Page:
|Nouns decline according to...|
|Verbs conjugate according to...|
General Information Edit
Genaizuawin (/gɛˌnaɪzuːˈawɪn/; natively Gewnayzuawwin Yensi) is the language spoken by the Asoewnte tribe in the Eastern desert, part of the planet Aethos' one continent's Great Desert. The Easternmost part of the desert, where the Asoewnte live, is bordered by hills and mountains to the east, the rest of the Eastern Desert to the west, and to the great Eastern Plateau chain to the south.
The Asoewnte people live around the Asoewnte Oasis, which is more like a fresh water mini-sea or great lake. Due to their proximity to water, many people visit them, most notably religious missions from various sects which have set up shop around the Oasis. The Asoewnte have embraced the tourism, religious journeys, and missions to become the most advanced tribe in the Eastern desert.
Classification and DialectsEdit
Genaizuawin is part of the Eastern Desert dialect chain. It is mutually intelligible with its neighbors, but gets less mutually intelligible with distance.
|Plosive||t d||k g|
|Fricative||s z||ʃ ʒ||x|
- All consonants but /j/ and /w/ can be geminated. When /ɹ/ is geminated, it becomes /rː/.
- Diphthongs are /eɯ̯/, /ɤi̯/, /aɯ̯/, and /ai̯/
- min: /ɯ/ in u "to"
- max: /gːaɯ̯n/ in higgawn "night"
- Geminate consonants may not start words (they can in most neighboring dialects, however).
- Diphthongs are written with w and y.
- Nouns ending in -n change to -nd- in the indefinite.
- Nouns ending in -si/zi/wi change to -c/j/y- in the indefinite.
- Nouns with ew/oy/aw/ai in their final syllable change it to u/i/a/a immediately before the plural -nna.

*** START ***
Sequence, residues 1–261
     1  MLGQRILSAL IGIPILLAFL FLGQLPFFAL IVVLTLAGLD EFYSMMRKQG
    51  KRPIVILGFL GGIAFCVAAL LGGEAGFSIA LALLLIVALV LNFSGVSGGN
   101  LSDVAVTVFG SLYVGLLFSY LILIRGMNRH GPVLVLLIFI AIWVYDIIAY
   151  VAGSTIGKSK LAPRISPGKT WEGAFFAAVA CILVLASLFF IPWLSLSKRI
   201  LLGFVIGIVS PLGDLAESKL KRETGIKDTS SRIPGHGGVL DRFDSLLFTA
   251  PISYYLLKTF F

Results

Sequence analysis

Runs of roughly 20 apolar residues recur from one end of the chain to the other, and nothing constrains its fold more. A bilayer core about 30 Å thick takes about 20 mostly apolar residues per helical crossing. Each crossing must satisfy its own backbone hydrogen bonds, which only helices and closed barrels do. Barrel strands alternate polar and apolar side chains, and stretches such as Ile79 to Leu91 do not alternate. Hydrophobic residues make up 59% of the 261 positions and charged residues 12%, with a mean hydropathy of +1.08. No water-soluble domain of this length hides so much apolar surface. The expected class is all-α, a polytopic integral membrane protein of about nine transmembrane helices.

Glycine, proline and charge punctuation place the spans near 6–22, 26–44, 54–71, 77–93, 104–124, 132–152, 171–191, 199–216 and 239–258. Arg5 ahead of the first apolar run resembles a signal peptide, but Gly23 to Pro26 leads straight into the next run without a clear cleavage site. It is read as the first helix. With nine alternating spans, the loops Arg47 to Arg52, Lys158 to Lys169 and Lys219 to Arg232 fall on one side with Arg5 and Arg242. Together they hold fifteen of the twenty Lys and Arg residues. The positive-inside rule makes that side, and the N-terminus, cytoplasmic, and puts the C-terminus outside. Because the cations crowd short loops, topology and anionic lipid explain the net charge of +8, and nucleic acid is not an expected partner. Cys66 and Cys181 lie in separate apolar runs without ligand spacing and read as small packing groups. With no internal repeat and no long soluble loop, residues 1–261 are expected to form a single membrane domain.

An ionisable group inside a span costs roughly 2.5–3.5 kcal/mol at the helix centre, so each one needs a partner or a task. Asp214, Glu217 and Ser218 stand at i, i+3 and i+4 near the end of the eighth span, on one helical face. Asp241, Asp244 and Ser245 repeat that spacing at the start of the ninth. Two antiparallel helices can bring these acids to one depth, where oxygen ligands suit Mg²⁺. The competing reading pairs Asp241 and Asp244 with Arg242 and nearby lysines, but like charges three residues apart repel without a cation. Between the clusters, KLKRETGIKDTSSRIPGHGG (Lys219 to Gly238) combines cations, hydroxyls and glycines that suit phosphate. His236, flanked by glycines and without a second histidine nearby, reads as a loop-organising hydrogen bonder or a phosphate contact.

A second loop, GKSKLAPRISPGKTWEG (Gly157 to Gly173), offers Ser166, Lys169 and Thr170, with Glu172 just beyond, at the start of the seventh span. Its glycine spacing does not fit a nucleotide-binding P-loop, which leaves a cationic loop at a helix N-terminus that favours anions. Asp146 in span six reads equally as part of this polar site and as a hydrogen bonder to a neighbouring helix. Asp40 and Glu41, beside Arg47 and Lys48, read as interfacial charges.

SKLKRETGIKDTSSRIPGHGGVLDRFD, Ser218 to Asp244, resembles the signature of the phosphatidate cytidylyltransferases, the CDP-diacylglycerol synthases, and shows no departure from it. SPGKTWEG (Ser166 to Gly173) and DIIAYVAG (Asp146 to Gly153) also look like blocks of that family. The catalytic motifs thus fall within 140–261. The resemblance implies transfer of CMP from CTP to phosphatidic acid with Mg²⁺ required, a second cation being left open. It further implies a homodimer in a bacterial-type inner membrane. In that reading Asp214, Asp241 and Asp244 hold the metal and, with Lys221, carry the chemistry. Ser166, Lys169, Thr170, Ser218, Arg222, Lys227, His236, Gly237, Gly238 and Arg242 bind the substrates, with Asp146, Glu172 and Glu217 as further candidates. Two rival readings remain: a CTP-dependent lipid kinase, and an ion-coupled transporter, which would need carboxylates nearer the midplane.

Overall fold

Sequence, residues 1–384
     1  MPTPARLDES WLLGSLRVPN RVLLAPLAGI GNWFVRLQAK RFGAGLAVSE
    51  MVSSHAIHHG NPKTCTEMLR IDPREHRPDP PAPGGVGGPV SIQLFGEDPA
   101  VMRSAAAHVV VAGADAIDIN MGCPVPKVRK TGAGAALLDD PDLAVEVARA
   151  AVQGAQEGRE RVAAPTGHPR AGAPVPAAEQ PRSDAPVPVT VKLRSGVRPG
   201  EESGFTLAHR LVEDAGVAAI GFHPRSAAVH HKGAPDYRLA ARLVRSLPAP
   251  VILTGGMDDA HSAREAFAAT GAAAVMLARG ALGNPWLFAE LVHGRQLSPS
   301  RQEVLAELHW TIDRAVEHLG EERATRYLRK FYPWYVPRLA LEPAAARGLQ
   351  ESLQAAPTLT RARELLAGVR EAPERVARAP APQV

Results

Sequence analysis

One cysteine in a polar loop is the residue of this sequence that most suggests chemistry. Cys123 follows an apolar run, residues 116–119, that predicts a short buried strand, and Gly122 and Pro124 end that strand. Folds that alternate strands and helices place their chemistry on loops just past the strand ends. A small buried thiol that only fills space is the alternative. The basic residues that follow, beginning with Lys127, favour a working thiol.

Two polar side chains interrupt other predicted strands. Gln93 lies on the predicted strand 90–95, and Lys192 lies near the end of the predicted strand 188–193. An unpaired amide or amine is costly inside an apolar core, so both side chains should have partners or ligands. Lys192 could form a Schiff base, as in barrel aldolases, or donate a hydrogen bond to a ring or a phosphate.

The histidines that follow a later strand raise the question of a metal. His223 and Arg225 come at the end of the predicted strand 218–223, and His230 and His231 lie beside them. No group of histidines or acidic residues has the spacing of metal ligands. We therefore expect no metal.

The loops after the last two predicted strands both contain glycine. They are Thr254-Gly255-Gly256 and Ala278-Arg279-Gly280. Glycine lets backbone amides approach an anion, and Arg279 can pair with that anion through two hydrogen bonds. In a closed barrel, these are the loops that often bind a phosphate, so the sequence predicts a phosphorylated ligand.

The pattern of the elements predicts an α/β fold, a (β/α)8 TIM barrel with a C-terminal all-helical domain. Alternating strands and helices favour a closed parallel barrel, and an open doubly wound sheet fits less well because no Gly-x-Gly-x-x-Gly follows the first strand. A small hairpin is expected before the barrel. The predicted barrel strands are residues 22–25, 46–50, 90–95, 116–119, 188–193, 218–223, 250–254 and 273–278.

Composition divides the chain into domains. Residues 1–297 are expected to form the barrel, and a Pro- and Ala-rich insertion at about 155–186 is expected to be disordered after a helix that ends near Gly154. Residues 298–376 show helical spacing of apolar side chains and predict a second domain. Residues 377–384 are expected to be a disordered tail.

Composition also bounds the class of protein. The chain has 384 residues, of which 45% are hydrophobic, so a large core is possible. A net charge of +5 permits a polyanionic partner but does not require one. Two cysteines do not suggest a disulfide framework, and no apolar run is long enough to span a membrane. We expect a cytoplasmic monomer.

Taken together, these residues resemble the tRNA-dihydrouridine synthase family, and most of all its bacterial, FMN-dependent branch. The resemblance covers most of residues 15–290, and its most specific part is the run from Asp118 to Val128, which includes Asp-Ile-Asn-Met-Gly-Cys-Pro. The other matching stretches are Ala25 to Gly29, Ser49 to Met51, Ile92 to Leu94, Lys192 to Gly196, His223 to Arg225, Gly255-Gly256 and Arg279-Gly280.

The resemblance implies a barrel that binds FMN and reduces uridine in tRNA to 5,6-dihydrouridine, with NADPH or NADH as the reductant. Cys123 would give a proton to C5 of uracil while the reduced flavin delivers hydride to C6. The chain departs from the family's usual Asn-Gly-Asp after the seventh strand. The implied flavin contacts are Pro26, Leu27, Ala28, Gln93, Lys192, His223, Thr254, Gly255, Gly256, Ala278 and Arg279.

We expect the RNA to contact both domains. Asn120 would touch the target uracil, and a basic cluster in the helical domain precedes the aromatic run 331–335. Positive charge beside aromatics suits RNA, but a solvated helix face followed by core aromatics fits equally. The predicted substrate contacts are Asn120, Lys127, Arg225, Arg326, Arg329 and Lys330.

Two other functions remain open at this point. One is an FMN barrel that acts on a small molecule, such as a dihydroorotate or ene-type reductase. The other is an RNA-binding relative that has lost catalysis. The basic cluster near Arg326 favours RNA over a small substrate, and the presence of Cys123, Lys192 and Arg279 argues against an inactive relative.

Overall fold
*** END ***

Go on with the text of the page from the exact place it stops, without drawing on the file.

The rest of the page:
- Nouns with o/oy in their final syllable change it to e before the indefinite singular -oy.
- Nouns ending in -a/o have an epenthetic -y- inserted between them and the indefinite plural -inna.
Ijallu "sand dune"
Derivational prefixes Edit
Quite a few nouns are prefixed with i-, u-, o, or a-. The o- prefix becomes e- before a w or before an o in the next syllable. These prefixes have different meanings depending on the semantic class of the noun. Some nouns don't fall in one of the classes and can't take the prefixes. The prefixes are mandatory in most nouns that have them. What follows are the semantic classes and the meaning of the prefixes in each of them.
- i- same generation
- u- younger generations
- o- some dyadic kin terms
- a- older generations
Round or Irregular thingsEdit
- i- small
- u- large & round
- o- large & irregular
- a- of varying sizes
- i- open space
- u- enclosed
- a- inhabited
- i- wild & small
- u- tame & large
- o- wild & large
- a- tame & small
- i- poisonous, medical, or used in ritual
- u- sweet or fatty
- o- sour or bitter
In common with all Eastern Desert languages, Genaizuawin has an emphasis on sound devices such as alliteration, assonance, and rhyme in its numbers, to make counting easier.
Family members Edit
Genaizuawin has an above-average number of kinship terms for an Aethos language due to distinguishing relative age and the use of dyadic kin terms. Terms for kin are typically limited on the planet because, as a species, the Aethos don't pair bond and have no set gender. Any particular Aethos is very unlikely to know who their father is, thus cutting the number of family members. All kinship terms are expressed as feminine terms in English due to the Aethos' lack of set gender.
For all kin terms, removing the initial vowel creates a diminutive. ex. ikun "my older sister", kun "sis"
- family: getonna
- relative/family member: geto
- older sister: ikun
- niece/older sister's child: ukun
- younger sister: ija
- niece/younger sister's child: uja
- mother: anna
- aunt/mother's older sibling: asikun
- aunt/mother's younger sibling: asija
- cousin/older mother's sibling's child: irrudu
- cousin/younger mother's sibling's child: irrada
- grandmother: akkala
- grandaunt/grandmother's older sibling: akkalakun
- grandaunt/grandmother's younger sibling: akkalaja
- great-grandmother: adankkala
- child: ucilu
- grandchild: udancilu
- great-grandchild: udandancilu